Books Vs Cigarettes Essay Definition

"Books v. Cigarettes" is an essay published in 1946 by the English authorGeorge Orwell. It compares the costs of reading to other forms of recreation including tobacco smoking.

Background[edit]

Orwell states that the essay was triggered by the experience of an editor friend who was firewatching during the Second World War. He was told by factory workers that they had no interest in literature because they could not afford books.

The essay first appeared in Tribune on February 8, 1946.

Argument[edit]

Orwell questions the idea that buying or reading a book is an expensive hobby. Working out that he had 442 books in his flat and an equivalent number elsewhere, he allocates a range of prices, depending on whether the books were bought new, given, provided for review purposes, borrowed or loaned. Averaging the cost over his lifetime, and adding other incidental reading costs, he estimates his annual expenditure at £25.

In contrast, Orwell works out that before the war he was spending £20 a year on beer and tobacco and that he currently spends £40 per year on tobacco. He works out the national average spent on beer and tobacco to be £40 a year. Noting that it is difficult to establish a relationship between the price of different types of books and the value derived from them, Orwell works out that if books are read simply recreationally, the cost per hour is less than the cost of a cinema seat. Therefore, reading is one of the cheapest recreations.

Excerpts[edit]

And if our book consumption remains as low as it has been, at least let us admit that it is because reading is a less exciting pastime than going to the dogs, the pictures or the pub, and not because books, whether bought or borrowed, are too expensive.

Reactions[edit]

Orwell's essays in Tribune, including this, have been described in The Independent as some of the greatest essays in the English language.[1] The question Orwell raised continues to provide a basis for discussion, as in a review of a poll in which one in four Americans read no books at all in 2007[2] and that chief executives claim that they have no time to read literature.[3]

The essay was the subject of an article in Structo magazine which published 'Books v. Cigarettes: 63 years on' in their November 2009 edition.

See also[edit]

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Books v. cigarettes



George Orwell's Books v. cigarettes is a recent volume in Penguin's "Great Ideas" series. I'm a fan of Orwell's essays and, between the eye-catching title and the old-style Penguin cover design, I couldn't resist this slim volume of them. It contains a couple of my favourites, including "Confessions of a Book Reviewer," which I've quoted from here in past posts, and some I'd never read before, such as the title essay, "Books v. cigarettes." In the latter, Orwell sets out to prove that the buying and reading of books is not "an expensive hobby" that is "beyond the reach of the average person." I don't think it will ruin the suspense to tell you that he succeeds, and that he makes many entertaining observations along the way. Here's a snippet:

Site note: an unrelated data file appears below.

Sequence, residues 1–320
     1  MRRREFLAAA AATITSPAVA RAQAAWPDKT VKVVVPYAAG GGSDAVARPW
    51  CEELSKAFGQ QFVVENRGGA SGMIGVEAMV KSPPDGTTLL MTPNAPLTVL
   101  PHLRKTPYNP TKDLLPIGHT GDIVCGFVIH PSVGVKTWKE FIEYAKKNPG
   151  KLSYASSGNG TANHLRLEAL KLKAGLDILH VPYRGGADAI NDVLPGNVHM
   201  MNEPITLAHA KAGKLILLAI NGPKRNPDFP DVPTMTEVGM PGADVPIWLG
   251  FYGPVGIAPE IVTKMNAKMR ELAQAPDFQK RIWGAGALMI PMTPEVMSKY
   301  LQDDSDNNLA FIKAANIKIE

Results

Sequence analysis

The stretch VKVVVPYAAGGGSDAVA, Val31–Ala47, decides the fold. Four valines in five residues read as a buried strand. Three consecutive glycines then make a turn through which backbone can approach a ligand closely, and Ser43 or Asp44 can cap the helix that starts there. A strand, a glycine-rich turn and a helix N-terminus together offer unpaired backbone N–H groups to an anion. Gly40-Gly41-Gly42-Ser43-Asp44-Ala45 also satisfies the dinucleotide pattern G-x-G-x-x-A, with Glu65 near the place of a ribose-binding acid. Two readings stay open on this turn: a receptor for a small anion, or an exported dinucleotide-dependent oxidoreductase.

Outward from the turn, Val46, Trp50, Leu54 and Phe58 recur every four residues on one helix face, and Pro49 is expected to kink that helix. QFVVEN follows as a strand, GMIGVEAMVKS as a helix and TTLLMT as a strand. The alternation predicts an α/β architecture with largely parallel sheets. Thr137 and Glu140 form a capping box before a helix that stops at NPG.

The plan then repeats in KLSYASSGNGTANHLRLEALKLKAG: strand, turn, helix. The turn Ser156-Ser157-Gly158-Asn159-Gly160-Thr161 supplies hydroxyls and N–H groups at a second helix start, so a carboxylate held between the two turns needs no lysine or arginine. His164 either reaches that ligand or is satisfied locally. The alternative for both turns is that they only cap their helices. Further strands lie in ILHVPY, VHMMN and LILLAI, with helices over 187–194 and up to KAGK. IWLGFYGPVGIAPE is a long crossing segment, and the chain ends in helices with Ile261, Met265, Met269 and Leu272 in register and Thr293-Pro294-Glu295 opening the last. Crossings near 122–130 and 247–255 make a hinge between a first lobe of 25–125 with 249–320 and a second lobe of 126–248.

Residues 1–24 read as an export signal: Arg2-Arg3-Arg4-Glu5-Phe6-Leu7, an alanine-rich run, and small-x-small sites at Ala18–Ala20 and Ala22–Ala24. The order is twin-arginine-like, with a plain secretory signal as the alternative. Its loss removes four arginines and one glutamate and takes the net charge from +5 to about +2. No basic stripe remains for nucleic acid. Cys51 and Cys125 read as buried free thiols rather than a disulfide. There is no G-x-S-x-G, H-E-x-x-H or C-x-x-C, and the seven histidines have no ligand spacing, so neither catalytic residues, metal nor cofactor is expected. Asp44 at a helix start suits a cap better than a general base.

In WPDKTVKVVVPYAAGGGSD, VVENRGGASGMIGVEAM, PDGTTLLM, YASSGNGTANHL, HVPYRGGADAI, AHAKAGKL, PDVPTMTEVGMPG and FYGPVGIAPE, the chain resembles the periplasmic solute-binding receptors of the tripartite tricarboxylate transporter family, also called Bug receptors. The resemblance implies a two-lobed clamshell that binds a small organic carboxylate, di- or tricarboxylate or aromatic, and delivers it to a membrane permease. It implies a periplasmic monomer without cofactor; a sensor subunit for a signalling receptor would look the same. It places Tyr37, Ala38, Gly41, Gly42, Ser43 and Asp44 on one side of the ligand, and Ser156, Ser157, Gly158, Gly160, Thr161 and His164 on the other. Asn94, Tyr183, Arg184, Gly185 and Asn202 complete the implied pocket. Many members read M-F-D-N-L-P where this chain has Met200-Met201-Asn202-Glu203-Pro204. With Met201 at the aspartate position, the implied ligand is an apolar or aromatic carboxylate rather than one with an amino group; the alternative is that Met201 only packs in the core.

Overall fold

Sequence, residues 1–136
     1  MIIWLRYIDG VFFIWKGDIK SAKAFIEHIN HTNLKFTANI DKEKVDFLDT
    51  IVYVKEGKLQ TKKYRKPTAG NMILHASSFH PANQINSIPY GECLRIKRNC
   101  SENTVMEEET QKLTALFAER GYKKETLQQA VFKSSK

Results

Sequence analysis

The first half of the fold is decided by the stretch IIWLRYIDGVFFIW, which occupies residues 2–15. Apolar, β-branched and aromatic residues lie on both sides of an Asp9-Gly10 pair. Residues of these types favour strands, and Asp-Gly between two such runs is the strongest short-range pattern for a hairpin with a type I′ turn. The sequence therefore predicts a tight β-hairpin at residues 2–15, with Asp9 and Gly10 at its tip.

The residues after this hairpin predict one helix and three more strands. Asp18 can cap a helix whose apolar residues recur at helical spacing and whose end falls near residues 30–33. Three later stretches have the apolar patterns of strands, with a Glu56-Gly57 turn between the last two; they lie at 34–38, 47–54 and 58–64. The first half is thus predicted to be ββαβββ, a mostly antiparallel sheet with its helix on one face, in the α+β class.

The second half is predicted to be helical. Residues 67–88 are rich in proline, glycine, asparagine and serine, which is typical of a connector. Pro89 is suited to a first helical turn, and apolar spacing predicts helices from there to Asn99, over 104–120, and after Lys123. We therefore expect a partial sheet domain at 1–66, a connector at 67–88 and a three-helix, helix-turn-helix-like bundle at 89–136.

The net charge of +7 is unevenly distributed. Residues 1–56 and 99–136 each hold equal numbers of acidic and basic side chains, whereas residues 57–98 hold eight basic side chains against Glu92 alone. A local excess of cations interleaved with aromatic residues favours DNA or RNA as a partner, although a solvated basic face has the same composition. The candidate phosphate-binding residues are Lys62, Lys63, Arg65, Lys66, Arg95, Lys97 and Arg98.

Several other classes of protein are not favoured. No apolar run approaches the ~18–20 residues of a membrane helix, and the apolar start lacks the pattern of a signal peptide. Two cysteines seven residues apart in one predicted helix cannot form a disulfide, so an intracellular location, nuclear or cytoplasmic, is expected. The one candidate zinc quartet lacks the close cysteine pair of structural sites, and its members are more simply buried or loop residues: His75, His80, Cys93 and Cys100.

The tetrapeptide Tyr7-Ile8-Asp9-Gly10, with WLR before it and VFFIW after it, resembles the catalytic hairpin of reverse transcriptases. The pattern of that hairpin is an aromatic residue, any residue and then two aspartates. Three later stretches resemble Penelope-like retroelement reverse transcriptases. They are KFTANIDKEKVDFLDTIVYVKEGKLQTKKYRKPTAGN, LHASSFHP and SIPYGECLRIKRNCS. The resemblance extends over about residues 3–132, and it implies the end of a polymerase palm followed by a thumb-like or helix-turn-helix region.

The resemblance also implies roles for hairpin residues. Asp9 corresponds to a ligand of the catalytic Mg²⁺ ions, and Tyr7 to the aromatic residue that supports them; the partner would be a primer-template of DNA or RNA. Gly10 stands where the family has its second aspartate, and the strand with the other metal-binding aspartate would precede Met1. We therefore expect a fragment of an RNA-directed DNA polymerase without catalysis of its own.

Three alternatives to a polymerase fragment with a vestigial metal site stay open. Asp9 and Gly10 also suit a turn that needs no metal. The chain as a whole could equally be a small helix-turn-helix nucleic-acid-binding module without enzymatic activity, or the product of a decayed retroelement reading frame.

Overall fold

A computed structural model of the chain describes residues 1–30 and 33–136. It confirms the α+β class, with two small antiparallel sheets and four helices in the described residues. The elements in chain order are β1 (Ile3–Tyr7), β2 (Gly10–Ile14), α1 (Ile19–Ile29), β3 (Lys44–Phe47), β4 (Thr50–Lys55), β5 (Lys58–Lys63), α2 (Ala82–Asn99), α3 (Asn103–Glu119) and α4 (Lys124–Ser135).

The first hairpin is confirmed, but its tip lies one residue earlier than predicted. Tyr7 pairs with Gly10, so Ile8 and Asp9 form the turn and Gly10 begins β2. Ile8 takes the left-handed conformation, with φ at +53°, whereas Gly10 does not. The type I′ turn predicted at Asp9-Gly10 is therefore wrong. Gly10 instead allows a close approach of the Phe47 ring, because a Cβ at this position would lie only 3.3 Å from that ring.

It is difficult to establish any relationship between the price of books and the value one gets out of them. 'Books' includes novels, poetry, textbooks, works of reference, sociological treatises and much else, and length and price do not correspond to one another, especially if one habitually buys books second-hand. You may spend ten shillings on a poem of 500 lines, and you may spend sixpence on a dictionary which you consult at odd moments over a period of twenty years. There are books that one reads over and over again, books that become part of the furniture of one's mind and alter one's whole attitude to life, books that one dips into but never reads through, books that one reads at a single sitting and forgets a week later: and the cost in terms of money, may be the same in each case.

That final bit would make a fine meme don't you think? List: 1. A book you read over and over again; 2. A book that has become part of the furniture of your mind and has altered your whole attitude to life; 3. A book that you dip into but never read through; and, 4. A book that you read at a single sitting and forgot a week later. I'll have to think a bit on which book or books I'd list under each category. In the meantime though, I recommend Orwell's Books v. cigarettes as a book for dipping into and reading all the way through (and I note that at $9.99 Canadian, it doesn't cost much more than a pack of cigarettes!).

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